THE PROJECTED TURNAROUND time for a winery in distress is about 10 years, give or take a few. . . .
The first one I witnessed firsthand was the rejuvenation of Beringer Vineyards in Napa Valley, which up until 1976-1977 had been in a long, downward spiral, producing simple, ordinary, largely uninspiring wines. . . .
Beringer hired Myron Nightingale, who essentially dumped all the bad wines and began an immediate program to retool the winery and secure better vineyards. . . .
Nightingale was a no-nonsense winemaker who knew it would take years before the public's perception would catch up with Beringer's wines. . . .
AND HE KNEW that if he made the right decisions and did the right things, he could make great wines. . . .
The breakthrough vintage was 1977, when Nightingale fashioned Beringer's first Private Reserve Cabernet Sauvignon, a dense, rich, chocolaty wine that was among the finest of that drought year. . . .
When this wine came out in 1981, it won widespread acclaim, yet there were many skeptics who harbored doubts about Beringer's wines. . . .
It wasn't until the mid-1980s, almost a decade after Nightingale began to work his magic, that wine lovers really appreciated how great Beringer's wines were--across the board. . . .
Geyser Peak in Sonoma County is currently enjoying a similar style renaissance. This old winery, founded in 1880, had also let quality slide into a tailspin. . . .
IN 1990, AUSTRALIAN Daryl Groom, a winemaker for Penfolds, producer of the famous Grange Shiraz, came to Geyser Peak as its new winemaker. . . .
He arrived in time to make some final decisions about the 1987 vintage for Cabernet, which was still in barrel. . . .
After tasting the wine, he decided it needed a flash of new oak to perk up its flavors and discovered that Geyser Peak hadn't bought any new French oak barrels in nearly a decade. . . .
"We had a big battle with the accountants," Groom recalls, "and I thought seriously about packing up my bags and heading back to Australia. . . ."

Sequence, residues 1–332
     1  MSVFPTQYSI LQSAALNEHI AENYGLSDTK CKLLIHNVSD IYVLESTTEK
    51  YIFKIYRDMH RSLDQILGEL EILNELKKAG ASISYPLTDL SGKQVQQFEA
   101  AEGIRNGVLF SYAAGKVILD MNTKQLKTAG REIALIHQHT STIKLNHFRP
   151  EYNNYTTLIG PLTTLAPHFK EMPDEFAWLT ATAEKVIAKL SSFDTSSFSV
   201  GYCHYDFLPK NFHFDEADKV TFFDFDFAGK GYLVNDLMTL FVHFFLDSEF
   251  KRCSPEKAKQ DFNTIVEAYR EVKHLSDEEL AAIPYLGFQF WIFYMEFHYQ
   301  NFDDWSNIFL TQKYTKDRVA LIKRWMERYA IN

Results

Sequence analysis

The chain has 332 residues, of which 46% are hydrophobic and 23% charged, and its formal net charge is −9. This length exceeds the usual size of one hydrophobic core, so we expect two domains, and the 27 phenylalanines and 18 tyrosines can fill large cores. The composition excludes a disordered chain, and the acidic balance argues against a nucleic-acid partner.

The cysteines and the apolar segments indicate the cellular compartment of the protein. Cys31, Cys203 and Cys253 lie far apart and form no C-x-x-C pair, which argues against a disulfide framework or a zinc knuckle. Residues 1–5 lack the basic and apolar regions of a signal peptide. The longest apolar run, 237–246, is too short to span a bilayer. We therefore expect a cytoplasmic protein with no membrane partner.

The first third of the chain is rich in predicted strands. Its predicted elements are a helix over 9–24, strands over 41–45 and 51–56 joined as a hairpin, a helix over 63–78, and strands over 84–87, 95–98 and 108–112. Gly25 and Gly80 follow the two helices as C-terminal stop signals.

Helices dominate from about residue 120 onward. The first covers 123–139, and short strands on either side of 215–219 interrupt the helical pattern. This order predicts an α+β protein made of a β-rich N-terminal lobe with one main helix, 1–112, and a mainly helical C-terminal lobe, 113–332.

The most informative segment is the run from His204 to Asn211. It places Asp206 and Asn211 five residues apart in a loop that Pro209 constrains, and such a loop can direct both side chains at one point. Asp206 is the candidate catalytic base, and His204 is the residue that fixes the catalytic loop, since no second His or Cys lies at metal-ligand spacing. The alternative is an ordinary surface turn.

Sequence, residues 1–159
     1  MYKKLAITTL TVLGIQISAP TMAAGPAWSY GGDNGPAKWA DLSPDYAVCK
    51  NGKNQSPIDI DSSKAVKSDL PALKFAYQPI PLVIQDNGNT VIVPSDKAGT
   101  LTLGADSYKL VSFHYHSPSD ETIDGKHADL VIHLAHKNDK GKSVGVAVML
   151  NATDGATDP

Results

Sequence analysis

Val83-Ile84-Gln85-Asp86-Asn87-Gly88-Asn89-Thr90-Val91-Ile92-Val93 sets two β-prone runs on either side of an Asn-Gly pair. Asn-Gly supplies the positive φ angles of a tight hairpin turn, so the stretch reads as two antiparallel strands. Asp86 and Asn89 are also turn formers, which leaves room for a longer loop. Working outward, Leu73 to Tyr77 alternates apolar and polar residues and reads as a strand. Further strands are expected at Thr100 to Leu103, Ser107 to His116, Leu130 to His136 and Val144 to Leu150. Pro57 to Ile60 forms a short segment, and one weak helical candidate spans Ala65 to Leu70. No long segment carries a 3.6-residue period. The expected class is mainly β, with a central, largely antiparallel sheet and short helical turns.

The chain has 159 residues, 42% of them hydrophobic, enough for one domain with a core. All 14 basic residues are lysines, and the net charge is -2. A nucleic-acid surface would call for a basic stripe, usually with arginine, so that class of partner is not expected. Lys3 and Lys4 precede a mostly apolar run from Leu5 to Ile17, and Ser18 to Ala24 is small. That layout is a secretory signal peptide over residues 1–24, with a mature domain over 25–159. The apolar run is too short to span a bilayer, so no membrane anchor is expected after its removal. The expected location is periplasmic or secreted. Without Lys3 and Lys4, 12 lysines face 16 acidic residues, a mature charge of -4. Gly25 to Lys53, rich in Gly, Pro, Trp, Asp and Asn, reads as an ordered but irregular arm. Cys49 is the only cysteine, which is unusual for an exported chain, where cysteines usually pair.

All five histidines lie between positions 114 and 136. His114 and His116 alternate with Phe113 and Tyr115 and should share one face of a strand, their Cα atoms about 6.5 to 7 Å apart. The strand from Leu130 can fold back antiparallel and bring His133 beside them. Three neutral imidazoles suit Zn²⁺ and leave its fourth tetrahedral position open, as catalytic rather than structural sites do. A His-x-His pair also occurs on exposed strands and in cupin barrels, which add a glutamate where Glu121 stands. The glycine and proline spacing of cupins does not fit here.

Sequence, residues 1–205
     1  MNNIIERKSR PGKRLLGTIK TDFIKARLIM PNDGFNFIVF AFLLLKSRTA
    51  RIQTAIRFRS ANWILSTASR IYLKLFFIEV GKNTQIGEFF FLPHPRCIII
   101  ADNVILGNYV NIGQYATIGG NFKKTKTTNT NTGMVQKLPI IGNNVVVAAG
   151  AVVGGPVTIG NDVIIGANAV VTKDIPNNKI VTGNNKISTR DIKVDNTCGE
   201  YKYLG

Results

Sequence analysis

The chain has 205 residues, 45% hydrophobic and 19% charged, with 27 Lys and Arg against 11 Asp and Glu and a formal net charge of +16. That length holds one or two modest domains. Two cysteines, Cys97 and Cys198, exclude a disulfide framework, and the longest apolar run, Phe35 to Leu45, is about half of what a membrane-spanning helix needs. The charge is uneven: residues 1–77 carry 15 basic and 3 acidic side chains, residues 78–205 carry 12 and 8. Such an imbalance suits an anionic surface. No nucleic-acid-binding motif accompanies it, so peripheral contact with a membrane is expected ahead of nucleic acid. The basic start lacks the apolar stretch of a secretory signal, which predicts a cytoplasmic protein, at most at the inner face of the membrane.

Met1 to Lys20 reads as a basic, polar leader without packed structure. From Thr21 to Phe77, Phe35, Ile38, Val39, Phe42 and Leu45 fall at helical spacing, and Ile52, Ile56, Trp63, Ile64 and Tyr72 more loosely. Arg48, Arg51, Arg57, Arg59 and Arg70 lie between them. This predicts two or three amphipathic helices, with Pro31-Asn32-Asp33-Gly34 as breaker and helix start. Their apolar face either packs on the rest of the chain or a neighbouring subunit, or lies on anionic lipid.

Groom won the debate, and was able to put the 1987 in new French oak for a few months. . . .
HE WAS ALSO able to sort out the best barrels and cut down the blends so that the wine that finally went into bottle was much improved. . . .
Both the Alexander Valley Reserve 1987 and the Reserve Alexandre, a Meritage blend, received high marks from critics, including Wine Spectator. These two wines really impressed me. . . .
Success continued for Groom and Geyser Peak. He has righted the ship and set it on a new course, presenting a variety of complex, intriguing wines, ranging from Sauvignon Blanc to his prized Shiraz. . . .
You need great grapes to make great wines, and though Geyser Peak owned many vineyards, Groom began to seek out other growers to fill in the gaps. . . .
"As a young winemaker, I used to think that grapes grew on the back of a truck," smiles Groom, who is 39, with short-cropped, salt-and-pepper hair and tiny wire-rimmed glasses. . . .
"THE PRIMARY FOCUS is to get top-quality grapes and long-term contracts," he says, and that means anywhere he can find them in the state of California. . . .
With Shiraz, for instance, the grape sources range from cooler coastal climes to mountaintops to Monterey to Sonoma's Dry Creek Valley. . . .
For old-vine Zinfandel, Groom found a small plot in Cucamonga, in Southern California, of all places, where the vines are 110 years old. . . .